8 Things to Do on a Daily Basis to Help Your Child Learn

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If you are looking for extra learning activities to do with your child on a regular basis, there are several very accessible things that you can do without opening your wallet, and they are right your own community - and most of them are literally right in your own back yard! Here are eight things that you can do to help encourage learning in your preschooler:

  1. Allow your child to do things independently even if he/she takes longer than doing it yourself.
  2. Provide plenty of social experiences for your child. Whether in a formal or informal playgroup, preschool, or other setting, your child will learn skills that can only be taught by other children. Sharing objects or time with an adult is different from doing so with another child. Children develop their imaginations by role-playing and pretending. Pretend play has been consistently linked to cognitive, intellectual, language, and social growth.
  3. Provide daily opportunities to develop strength and coordination of large and small muscles. Go to the park, play ball games and tag, practice lacing, pour, stir, and participate in other functional activities.
  4. Play games in which your child counts out loud (such as hide and seek), play board games that require your child to count the dots on a die, and use household items such as cans, boxes, and balls to explore shapes. Complete puzzles and play with interlocking building toys.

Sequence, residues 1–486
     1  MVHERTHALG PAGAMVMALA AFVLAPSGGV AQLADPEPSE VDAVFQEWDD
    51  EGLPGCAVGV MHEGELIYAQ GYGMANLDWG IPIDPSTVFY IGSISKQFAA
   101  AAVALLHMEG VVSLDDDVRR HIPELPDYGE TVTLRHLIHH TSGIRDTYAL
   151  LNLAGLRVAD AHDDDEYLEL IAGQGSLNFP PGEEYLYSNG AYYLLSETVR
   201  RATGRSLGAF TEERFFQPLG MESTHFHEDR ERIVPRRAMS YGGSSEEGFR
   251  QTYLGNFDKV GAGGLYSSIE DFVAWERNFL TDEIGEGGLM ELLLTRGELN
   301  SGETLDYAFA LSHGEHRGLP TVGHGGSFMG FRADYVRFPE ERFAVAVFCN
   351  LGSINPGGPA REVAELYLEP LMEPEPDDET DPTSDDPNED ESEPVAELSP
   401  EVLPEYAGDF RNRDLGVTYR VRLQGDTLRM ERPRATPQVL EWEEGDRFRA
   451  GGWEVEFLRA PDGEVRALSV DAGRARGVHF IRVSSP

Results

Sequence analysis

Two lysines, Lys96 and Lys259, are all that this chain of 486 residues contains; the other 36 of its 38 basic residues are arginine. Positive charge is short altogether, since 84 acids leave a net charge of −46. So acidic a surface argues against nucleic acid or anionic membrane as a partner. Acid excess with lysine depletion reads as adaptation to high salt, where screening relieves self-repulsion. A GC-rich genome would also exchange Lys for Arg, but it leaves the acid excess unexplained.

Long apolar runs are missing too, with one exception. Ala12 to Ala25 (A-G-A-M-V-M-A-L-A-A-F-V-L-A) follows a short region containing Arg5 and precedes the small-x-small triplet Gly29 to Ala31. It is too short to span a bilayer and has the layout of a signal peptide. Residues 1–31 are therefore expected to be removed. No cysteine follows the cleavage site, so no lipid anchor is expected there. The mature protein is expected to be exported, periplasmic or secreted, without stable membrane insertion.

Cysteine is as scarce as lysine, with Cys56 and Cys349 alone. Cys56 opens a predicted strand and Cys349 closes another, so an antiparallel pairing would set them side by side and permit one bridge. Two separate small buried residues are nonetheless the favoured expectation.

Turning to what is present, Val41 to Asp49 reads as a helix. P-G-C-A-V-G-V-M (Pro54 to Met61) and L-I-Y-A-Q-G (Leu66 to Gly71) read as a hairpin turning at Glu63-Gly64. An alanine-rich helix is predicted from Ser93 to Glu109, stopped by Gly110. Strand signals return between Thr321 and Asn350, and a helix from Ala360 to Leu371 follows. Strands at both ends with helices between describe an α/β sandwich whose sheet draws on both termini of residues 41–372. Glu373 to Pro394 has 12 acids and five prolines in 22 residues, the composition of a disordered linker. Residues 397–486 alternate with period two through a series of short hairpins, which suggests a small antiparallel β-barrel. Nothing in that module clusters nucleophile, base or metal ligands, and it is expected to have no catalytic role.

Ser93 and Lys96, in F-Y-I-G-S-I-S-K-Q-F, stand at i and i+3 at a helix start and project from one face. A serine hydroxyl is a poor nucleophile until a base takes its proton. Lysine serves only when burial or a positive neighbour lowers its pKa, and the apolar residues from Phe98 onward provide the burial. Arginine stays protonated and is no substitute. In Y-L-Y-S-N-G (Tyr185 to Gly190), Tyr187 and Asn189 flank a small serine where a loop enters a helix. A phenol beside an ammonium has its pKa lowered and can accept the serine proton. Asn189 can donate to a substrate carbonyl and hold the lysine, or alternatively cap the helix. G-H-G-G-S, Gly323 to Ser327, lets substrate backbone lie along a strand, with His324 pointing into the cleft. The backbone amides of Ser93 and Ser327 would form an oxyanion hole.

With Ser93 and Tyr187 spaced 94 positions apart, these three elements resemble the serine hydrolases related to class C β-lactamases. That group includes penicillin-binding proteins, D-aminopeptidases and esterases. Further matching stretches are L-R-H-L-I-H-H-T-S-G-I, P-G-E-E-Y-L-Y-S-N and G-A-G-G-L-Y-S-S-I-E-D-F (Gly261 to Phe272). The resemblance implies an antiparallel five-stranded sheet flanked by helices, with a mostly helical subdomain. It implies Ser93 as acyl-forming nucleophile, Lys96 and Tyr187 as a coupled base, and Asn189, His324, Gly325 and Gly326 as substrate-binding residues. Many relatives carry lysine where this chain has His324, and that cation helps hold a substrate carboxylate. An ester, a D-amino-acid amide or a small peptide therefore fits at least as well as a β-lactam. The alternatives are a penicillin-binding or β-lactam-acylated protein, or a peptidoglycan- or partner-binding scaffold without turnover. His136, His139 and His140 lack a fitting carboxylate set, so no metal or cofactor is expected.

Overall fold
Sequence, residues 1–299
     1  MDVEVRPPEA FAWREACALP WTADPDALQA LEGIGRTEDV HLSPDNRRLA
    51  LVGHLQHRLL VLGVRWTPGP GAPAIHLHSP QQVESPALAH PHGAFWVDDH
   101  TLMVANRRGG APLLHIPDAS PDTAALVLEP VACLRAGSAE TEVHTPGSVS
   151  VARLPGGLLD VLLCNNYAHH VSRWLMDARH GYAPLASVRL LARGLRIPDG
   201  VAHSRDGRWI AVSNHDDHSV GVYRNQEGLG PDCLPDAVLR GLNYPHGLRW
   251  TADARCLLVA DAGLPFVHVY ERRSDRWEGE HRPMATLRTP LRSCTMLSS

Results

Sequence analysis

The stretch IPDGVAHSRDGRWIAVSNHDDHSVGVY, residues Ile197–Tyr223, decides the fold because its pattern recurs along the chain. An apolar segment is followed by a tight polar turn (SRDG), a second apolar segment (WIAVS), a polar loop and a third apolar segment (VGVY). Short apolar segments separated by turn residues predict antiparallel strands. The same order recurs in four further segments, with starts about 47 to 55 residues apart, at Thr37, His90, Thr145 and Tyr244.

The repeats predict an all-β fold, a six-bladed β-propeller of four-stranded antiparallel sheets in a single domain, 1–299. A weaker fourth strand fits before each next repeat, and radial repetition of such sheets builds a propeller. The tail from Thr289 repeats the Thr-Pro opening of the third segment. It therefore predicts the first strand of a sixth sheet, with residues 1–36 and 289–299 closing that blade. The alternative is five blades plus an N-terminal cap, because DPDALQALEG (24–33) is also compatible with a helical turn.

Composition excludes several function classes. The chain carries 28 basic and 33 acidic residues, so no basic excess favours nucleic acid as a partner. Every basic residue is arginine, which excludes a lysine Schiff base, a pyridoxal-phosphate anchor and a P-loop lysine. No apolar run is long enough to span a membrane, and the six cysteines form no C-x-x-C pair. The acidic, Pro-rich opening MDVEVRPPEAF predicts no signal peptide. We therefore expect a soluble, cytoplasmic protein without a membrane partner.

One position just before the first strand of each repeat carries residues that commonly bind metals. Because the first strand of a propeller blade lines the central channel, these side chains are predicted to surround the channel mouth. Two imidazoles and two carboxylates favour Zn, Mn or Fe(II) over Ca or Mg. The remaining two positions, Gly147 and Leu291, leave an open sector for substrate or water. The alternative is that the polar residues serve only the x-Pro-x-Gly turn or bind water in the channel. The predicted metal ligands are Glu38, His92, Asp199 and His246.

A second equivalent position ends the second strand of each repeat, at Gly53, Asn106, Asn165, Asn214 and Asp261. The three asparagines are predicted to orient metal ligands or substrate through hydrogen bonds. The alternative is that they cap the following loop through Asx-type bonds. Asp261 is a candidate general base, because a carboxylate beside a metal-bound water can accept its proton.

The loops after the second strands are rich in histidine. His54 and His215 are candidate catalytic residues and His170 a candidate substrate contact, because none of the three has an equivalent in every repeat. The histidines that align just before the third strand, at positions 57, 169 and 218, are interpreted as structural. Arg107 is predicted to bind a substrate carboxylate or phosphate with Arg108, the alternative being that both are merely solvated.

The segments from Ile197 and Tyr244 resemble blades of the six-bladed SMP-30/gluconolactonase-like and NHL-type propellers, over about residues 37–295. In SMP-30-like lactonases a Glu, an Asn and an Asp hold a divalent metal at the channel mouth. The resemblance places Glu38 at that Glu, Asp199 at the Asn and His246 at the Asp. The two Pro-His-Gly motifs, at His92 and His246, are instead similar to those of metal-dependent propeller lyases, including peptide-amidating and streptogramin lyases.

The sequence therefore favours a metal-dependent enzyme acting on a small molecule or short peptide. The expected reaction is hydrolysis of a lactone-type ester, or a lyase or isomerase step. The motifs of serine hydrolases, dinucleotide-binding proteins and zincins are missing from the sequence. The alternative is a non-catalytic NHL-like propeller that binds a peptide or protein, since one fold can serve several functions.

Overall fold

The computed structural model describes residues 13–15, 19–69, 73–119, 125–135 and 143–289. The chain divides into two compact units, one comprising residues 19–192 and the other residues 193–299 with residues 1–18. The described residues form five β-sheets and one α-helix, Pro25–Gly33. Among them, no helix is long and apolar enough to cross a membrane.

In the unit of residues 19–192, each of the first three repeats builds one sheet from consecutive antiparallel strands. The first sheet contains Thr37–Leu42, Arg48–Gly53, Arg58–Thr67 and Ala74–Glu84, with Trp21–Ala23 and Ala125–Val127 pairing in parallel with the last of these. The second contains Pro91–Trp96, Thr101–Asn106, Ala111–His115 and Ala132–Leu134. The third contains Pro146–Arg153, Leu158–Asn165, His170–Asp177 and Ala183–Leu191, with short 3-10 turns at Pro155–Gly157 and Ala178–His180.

5. Provide plenty of opportunities and materials for writing and creative expression: crayons, sand, water, paint, paper, markers, scissors, hole punch, yarn, beans, and popsicle sticks.
  6. Read picture books, poetry books, nonfiction books, nonsense books, nursery rhymes, and signs. Exposure to a wide variety of literature allows your child to learn different sentence patterns and hear vocabulary that you might not ordinarily use at home.
  7. Talk WITH your child. (You talk TO your child when giving directions.) LISTEN to your child's stories. TELL your child stories. ASK questions. SHARE your ideas using descriptive language. Children learn language when they HEAR it and USE it.
  8. Visit your local library or bookmobile regularly.
There are many other things that you can do with your child to encourage learning, but these are just a few things to get you started. If you are already doing these and you are looking for some new ideas to add, try checking out books on a particular subject, i.e. science experiments for children or books on how to draw dinosaurs. You may also enjoy going on learning walks, finding bugs in the backyard, or setting up a birdfeeder where you can watch different birds come and go. The possibilities are endless!

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